Posted: 2nd December 2014 | Back to news feed

Minerals, and in particular, magnesium,  play a vital role in the diet of the horse, helping to maintain a normal blood sugar level and improving the sensitivity of cells to insulin. Magnesium is also important for the general growth and repair of tissue and assists with blood circulation and transmission of nerve impulses. In the spring when the growth is lush, grass can have an increased sugar content due to its fast growth, but this often means that it is deficient in minerals, including magnesium. This in turn can lead to a magnesium deficiency in the horse’s diet. The result of this is very often a fresh, excitable horse and that is when many owners turn to a calming supplement or feed.

 Of course there can be many other reasons for a fizzy, tense horse and it is important to try and find out why. Analyse your horse’s diet as too many carbohydrates or too much protein combined with too little exercise can have a similar effect. If your horse just has a nervous temperament, patience and a quiet atmosphere can help too. If you think your horse may have a magnesium deficiency, ask your vet to take a blood sample to check it out.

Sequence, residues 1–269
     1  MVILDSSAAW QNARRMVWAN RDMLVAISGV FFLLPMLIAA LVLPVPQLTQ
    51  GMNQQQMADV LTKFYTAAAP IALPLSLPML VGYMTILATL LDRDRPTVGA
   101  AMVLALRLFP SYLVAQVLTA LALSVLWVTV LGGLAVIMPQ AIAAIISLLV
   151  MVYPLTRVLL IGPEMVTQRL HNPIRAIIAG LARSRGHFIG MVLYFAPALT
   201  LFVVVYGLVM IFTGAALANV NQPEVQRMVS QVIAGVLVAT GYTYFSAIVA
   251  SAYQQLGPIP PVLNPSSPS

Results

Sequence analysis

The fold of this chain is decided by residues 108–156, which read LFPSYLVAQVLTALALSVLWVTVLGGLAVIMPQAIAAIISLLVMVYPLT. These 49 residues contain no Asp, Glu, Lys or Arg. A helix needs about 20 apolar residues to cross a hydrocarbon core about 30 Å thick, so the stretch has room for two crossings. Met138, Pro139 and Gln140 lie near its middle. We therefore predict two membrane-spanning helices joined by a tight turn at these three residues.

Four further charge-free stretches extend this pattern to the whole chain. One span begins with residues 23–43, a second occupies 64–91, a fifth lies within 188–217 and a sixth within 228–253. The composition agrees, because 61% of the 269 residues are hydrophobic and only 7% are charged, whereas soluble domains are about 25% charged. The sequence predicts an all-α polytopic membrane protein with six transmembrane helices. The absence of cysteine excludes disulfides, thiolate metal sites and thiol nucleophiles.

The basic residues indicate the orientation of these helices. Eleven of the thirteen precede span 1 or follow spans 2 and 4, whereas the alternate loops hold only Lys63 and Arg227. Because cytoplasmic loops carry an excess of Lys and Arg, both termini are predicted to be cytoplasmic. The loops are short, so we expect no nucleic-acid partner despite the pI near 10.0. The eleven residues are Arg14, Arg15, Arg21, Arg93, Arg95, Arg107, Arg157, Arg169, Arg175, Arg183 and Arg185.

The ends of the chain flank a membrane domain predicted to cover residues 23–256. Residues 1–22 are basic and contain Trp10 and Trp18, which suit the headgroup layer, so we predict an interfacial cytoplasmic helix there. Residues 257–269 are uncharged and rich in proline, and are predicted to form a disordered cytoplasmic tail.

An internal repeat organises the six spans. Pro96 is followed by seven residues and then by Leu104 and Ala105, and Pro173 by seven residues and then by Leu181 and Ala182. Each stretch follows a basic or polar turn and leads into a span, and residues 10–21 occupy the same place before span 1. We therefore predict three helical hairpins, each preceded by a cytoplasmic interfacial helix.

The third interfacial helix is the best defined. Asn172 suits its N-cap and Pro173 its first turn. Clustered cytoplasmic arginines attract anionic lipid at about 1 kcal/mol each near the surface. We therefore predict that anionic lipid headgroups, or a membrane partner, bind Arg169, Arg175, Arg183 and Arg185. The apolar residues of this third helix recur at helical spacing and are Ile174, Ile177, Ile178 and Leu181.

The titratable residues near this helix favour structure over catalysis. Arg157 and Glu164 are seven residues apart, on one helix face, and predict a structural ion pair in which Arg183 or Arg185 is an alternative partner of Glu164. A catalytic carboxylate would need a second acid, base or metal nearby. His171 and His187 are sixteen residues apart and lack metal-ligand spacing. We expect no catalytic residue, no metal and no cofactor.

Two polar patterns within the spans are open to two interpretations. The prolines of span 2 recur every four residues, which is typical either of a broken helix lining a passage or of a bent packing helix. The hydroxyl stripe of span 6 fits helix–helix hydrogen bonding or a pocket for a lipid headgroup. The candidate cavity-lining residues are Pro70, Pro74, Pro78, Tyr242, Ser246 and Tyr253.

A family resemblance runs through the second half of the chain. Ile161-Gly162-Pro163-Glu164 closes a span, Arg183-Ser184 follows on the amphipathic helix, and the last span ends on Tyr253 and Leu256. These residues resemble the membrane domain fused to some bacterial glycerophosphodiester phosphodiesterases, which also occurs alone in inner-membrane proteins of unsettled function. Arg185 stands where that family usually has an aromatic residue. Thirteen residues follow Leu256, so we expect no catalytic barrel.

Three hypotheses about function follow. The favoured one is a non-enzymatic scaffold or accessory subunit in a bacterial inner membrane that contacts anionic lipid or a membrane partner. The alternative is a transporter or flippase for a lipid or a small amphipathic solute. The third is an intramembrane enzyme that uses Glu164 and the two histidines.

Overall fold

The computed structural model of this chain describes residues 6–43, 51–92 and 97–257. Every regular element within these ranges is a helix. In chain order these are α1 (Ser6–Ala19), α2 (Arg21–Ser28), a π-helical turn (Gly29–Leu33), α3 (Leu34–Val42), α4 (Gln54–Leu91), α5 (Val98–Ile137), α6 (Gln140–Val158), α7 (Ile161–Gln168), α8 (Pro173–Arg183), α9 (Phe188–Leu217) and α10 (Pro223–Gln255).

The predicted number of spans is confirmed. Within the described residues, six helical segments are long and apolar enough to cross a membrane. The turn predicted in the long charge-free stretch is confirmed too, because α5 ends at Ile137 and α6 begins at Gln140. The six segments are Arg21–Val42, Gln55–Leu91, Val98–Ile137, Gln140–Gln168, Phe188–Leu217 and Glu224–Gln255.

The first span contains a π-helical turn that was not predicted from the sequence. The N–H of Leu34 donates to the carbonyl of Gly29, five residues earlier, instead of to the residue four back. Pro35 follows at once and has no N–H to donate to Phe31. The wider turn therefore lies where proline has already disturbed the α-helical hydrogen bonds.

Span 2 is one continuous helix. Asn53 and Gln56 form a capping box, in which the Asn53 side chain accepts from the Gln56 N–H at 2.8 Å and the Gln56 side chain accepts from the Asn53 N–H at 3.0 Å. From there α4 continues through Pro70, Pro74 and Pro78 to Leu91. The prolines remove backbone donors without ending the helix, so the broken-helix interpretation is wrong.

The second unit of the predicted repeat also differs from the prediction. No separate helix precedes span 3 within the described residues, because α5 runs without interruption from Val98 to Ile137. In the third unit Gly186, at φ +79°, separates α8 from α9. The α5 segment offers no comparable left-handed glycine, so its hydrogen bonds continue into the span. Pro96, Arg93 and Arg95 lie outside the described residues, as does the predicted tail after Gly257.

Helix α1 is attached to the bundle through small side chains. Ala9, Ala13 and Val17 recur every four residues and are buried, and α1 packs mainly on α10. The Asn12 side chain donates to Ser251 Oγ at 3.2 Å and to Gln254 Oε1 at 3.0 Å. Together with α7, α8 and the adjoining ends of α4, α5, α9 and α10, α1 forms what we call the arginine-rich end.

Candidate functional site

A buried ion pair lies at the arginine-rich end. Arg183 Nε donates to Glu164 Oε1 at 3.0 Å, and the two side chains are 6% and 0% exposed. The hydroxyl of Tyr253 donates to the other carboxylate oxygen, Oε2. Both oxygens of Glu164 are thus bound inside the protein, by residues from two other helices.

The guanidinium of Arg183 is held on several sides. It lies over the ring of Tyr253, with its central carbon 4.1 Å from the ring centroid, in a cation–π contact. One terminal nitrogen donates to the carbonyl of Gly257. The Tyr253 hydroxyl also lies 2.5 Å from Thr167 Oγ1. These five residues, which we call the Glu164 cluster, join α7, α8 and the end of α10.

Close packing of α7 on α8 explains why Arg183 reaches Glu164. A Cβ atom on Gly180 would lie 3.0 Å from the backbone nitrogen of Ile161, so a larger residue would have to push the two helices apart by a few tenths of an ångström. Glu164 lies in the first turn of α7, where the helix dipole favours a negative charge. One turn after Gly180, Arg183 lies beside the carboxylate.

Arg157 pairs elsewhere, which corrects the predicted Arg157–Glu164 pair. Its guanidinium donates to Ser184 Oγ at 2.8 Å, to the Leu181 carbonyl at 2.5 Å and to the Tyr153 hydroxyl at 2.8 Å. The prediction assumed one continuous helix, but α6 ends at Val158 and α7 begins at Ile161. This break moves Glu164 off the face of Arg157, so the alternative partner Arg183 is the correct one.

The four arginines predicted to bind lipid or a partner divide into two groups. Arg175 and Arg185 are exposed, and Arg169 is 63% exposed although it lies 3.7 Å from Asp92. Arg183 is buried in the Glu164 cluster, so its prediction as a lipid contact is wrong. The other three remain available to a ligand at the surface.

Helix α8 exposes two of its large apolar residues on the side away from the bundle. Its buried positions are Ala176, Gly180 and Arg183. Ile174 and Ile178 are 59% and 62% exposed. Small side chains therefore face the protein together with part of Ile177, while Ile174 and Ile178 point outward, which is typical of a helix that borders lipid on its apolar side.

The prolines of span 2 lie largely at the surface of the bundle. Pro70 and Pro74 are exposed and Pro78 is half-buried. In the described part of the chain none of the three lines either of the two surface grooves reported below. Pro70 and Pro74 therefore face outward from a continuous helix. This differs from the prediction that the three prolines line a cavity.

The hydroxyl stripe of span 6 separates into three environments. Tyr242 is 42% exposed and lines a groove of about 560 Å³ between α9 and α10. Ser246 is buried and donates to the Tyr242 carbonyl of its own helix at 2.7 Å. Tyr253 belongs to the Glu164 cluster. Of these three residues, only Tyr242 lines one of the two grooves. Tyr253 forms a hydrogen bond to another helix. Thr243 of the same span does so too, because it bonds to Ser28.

An alternative to an expensive calming supplement is a complete fibre feed such as Mollichaff Calmer. It contains a balanced blend of fibre pellets, oat straw, dried grass, herbs, soya oil, vitamins, minerals, limestone and trace elements, and it can be used as the sole bucket feed. It is suitable for all horses and ponies, including laminitics, as it is low in sugar and starch providing limited controlled energy from high quality, digestible fibre and oil-based ingredients.

 In Mollichaff Calmer we have included elevated levels of Magnesium along with a carefully formulated combination of camomile, lemon balm and mint, to help relax your horse. It also contains Vitamins B1 and B12 which are known to help decrease anxiety by exerting a calming influence on the horse.

 For more information on feeding your horse or pony please call the HorseHage Helpline on 01803 527257 or visit

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